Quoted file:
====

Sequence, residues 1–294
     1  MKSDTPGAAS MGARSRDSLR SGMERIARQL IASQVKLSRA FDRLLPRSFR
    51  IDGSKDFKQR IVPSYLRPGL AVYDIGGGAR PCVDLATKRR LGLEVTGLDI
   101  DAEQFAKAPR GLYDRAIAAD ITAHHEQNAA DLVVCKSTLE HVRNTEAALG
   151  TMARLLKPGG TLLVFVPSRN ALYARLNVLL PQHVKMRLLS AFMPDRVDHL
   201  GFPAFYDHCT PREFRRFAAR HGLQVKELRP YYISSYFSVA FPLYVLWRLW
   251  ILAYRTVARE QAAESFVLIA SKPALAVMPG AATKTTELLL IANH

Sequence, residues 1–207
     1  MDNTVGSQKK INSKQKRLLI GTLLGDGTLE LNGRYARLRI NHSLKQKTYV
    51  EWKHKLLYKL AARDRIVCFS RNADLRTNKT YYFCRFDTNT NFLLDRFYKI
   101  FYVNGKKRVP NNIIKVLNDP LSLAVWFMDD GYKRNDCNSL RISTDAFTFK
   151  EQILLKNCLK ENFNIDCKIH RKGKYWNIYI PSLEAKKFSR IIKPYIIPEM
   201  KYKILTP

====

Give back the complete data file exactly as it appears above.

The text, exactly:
Sequence, residues 1–294
     1  MKSDTPGAAS MGARSRDSLR SGMERIARQL IASQVKLSRA FDRLLPRSFR
    51  IDGSKDFKQR IVPSYLRPGL AVYDIGGGAR PCVDLATKRR LGLEVTGLDI
   101  DAEQFAKAPR GLYDRAIAAD ITAHHEQNAA DLVVCKSTLE HVRNTEAALG
   151  TMARLLKPGG TLLVFVPSRN ALYARLNVLL PQHVKMRLLS AFMPDRVDHL
   201  GFPAFYDHCT PREFRRFAAR HGLQVKELRP YYISSYFSVA FPLYVLWRLW
   251  ILAYRTVARE QAAESFVLIA SKPALAVMPG AATKTTELLL IANH

Sequence, residues 1–207
     1  MDNTVGSQKK INSKQKRLLI GTLLGDGTLE LNGRYARLRI NHSLKQKTYV
    51  EWKHKLLYKL AARDRIVCFS RNADLRTNKT YYFCRFDTNT NFLLDRFYKI
   101  FYVNGKKRVP NNIIKVLNDP LSLAVWFMDD GYKRNDCNSL RISTDAFTFK
   151  EQILLKNCLK ENFNIDCKIH RKGKYWNIYI PSLEAKKFSR IIKPYIIPEM
   201  KYKILTP